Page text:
Fresh Ideas: Now the hard work for Nevada’s future begins
Let’s face it: politics has winners and losers, and today we know which are which. Election results can be as thrilling or crushing as a fourth grade 100-yard dash for candidates and supporters.
Each of us as voters (or non-voters) contributed to the final outcome. We have affirmed, declined or realigned who represents us on the school board, in City Hall, and at the state legislature.
The well-worn adage democracy is not a spectator sport seems frayed after barrages of venomous campaign ads and accusations. But our work as voters is just beginning. Representative government is most effective with citizen involvement. We have selected a person to represent us, but he or she now represents all of us, not just supporters or contributors. It’s our job to speak up, to hold our elected officials accountable and resist the gravitational pull toward cynicism and apathy. But how?
Consider the advice of the late Anita Roddick, entrepreneur and activist: “If you think you’re too small to have an impact, try going to bed with a mosquito.” How about a swarm of mosquitoes?
Regardless of party or ideological tilt, continued citizen engagement is essential for elected officials to do their jobs. Show up at a school board meeting (kids in tow) and tell the board how it’s going at school, during public comment. Get on the board’s email list to monitor what the board is considering at their bimonthly meetings.
With the election over, it will be up to the Board of Supervisors, with broad-based public involvement, to provide leadership and vision for our City. The Board must prepare for the projected growth, development surges and diversification opportunities stimulated by the Tesla deal. Will the capital city be ready to provide and sustain the physical, cultural and recreational facilities and amenities that serve existing residents and attract families and visitors?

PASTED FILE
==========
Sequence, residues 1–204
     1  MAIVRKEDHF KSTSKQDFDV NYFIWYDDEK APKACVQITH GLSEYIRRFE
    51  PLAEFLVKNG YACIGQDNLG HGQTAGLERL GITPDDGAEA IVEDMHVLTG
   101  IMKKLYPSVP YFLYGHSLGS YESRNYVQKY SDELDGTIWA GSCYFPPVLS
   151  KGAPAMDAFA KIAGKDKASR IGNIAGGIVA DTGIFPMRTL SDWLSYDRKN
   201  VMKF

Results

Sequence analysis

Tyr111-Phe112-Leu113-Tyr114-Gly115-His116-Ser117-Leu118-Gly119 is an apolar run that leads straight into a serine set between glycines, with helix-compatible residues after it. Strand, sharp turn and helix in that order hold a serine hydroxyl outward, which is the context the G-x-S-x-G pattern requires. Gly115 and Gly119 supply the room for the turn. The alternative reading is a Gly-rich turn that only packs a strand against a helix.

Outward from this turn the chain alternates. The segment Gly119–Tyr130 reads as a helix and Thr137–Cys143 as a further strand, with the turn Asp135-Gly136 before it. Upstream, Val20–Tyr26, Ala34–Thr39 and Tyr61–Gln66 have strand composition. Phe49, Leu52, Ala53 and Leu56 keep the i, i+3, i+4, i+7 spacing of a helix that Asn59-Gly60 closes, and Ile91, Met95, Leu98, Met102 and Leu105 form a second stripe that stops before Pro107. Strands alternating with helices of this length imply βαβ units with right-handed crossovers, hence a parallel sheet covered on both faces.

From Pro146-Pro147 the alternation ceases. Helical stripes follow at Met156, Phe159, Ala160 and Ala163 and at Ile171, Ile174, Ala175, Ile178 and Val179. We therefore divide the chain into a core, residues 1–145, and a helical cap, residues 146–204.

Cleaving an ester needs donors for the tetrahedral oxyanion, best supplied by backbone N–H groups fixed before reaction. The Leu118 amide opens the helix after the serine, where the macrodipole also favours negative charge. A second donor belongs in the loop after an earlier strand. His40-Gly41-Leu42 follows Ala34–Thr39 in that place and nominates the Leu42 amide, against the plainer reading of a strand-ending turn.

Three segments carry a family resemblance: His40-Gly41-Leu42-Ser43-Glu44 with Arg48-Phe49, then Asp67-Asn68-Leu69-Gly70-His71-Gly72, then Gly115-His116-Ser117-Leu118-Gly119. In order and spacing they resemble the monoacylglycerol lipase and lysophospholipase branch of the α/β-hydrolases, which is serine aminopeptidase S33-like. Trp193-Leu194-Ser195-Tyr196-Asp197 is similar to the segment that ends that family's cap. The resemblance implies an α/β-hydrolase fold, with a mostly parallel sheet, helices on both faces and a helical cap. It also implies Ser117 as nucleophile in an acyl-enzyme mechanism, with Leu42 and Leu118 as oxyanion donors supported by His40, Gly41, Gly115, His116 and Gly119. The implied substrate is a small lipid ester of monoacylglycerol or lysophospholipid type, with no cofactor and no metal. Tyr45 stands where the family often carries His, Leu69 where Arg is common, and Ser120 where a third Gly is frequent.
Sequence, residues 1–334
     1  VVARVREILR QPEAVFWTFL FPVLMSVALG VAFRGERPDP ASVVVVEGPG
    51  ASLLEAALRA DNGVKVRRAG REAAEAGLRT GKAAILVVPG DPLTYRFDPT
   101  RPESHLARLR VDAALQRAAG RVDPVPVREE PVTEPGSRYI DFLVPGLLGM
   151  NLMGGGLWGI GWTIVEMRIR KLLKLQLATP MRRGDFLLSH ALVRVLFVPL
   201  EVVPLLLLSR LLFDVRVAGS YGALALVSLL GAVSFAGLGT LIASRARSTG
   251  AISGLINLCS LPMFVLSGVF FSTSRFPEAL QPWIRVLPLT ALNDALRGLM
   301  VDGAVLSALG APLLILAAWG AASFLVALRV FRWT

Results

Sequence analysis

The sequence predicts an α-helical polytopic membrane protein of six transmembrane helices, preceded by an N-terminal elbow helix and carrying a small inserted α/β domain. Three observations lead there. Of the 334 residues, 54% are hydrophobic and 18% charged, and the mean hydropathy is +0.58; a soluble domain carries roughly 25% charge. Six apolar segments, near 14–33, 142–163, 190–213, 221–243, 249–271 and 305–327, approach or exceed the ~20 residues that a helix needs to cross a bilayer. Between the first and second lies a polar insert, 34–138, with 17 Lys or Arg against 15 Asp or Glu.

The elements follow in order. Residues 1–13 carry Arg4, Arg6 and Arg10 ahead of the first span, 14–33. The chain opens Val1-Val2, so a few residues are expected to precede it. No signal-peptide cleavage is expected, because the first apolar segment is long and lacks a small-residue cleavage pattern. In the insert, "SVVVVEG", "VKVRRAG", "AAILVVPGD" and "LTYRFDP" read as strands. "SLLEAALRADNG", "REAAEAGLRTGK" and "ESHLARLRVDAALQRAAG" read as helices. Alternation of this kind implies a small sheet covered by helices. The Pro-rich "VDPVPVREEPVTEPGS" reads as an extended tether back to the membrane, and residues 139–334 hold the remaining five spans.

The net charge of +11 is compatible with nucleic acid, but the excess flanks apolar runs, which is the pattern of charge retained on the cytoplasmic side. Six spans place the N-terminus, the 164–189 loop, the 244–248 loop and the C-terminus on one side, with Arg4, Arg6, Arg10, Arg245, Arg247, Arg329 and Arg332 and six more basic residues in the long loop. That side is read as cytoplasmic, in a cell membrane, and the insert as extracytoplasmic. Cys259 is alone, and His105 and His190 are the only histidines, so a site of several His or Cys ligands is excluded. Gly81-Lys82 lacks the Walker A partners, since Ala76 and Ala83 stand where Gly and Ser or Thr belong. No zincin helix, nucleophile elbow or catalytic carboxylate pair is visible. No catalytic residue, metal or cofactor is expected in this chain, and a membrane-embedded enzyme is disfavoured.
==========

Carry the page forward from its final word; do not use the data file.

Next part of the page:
At the state legislature, Carson City’s assemblyman is new to the job, and should welcome concerns, suggestions and bill draft requests from constituents, whether or not we voted for him.
During the spirited debates over Statewide Question 3, the Education Initiative or Margins Tax, business leaders and politicians made vague promises to improve education. Regardless of the fate of Question 3, the 2015 legislative session will be the arena for tackling immediate funding of public education. With Nevada’s “dead last” education ranking for the past three years, it’s up to voters, as parents, grandparents and Nevadans, to demand reform — to be the mosquitoes. I’d even support a lottery for education. How about it, business leaders, casino moguls and legislators? Without sustained funding and systemic reform, Nevada’s dismal rankings will continue to impede its potential for greatness.
The wonderful 150th statehood celebration is over. Now the hard work for Nevada’s future begins — for elected officials, voters … and mosquitoes.
Abby Johnson is a resident of Carson City, and a part-time resident of Baker, Nev. She consults on community development and nuclear waste issues. Her opinions are her own and do not necessarily reflect those of her clients.